We all lead busy lives. Wake up, work, sit in traffic, make dinner for the family, let the dog out, and finally sit on the couch to catch the last few minutes of Jeopardy. The Mayo Clinic suggests that healthy adults should get at least 150 minutes of aerobic exercise a week (you should aim for around 30 minutes a day) but once you finally have a chance to catch your breath from running around all day (no pun intended), the last thing most people want to do is drive over to the gym.
Thankfully, a new study has revealed that there's another way to get in all your physical fitness for the week that doesn't involve a gym membership. Researchers across the globe have been studying a new term called, "leisure-time physical activity", which is essentially leisure time activities that get you moving without putting on yoga pants or working up a sweat. Simple ativities like gardening, walking the dog, or even dancing in the kitchen can greatly improve health!
Leisure-time Physical Activity
The study took eleven years to conduct and used nearly 90,000 participants who answered questions from the National Health Interview Survey, which is annually surveyed by the Centers for Disease Control and Prevention. The results will make you think twice about traditional exercise and the amount of physical activity you are probably already doing.
According to the health study, doing leisure-time physical activities for only ten to sixty minutes a week can reduce your risk of all-cause mortality by 18 percent. In essence, doing something as simple as gardening for an hour a week lessened the chance of participants dying during the survey period.
Are you an overachiever? 150 - 299 minutes of leisure physical activity can lead to a 31 percent decrease in all-cause mortality.
Taking part in moderate-intensity activities have been shown to reduce cardiovascular disease, heart disease, blood pressure, along with decreasing your body mass index and lowering obesity. As always, please be sure to consult with your health care provider before taking part in various levels of physical activity.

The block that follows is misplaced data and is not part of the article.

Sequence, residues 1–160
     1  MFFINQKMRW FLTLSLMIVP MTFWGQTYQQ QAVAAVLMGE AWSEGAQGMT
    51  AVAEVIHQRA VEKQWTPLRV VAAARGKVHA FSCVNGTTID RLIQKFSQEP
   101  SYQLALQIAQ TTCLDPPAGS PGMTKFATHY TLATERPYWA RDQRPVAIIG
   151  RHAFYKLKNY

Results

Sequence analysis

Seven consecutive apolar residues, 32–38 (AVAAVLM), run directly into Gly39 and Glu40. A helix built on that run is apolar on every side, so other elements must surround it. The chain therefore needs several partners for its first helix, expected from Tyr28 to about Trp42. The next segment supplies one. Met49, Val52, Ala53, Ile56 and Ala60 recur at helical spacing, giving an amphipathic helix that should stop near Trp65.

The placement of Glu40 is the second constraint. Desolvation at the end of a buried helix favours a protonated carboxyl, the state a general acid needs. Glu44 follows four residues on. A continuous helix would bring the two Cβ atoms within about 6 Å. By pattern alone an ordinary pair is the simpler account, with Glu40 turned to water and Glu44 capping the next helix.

Gardening Health Benefits
Gardening activities are the perfect leisure-time exercise, because they improve your health in a variety of ways. In fact, there's an entire profession dedicated to using plants and gardening to improve mental health and physical wellness, called horticultural therapy. Studies have shown that spending time in green spaces surrounded by fresh air reduces cortisol levels, which are your stress hormone levels. Along with reducing stress, gardening has been shown to reduce the use of medication in some seniors.
Having a vegetable garden provides a natural reason to be outside and soak up that vitamin D that we all need! Just make sure to use sunscreen if you'll be outside for longer than a few minutes. Another benefit of gardening is the beneficial bacteria found in soil, which boosts your immune system, fighting off illnesses and improving overall well-being. Community gardens are a great way to start out gardening, especially if you don't have space for garden beds in your yard, as community gardening is an easy and fun way to promote social health and unity within the community. This is especially important during the Coronavirus pandemic, when our social interactions are so limited.
Another amazing benefit of gardening is that it improves self-esteem and decreases depression and anxiety. It also helps your brain, boosting cognitive function and memory, which is especially important in older adults. Gardening has also been shown to increase serotonin levels in the brain, leading to a happier overall mood.
One of the most obvious positive effects of gardening is, of course, the food you get out of it! The dietary benefits of eating fresh fruit and vegetables are another important health outcome, as these provide many of the most important vitamins and nutrients for your health. There's nothing more satisfying than growing your own food in your own garden and making a delicious meal out of it. Starting a garden improves one's quality of life in a multitude of ways, far beyond the positive effects of simply starting a new hobby. If you're not sure where to start, grab this starter gardening kit!
Watch: Who Said Succulents Are Boring? 3 Types That Don't Look Like Plants at All
This post was originally published on April 15, 2019.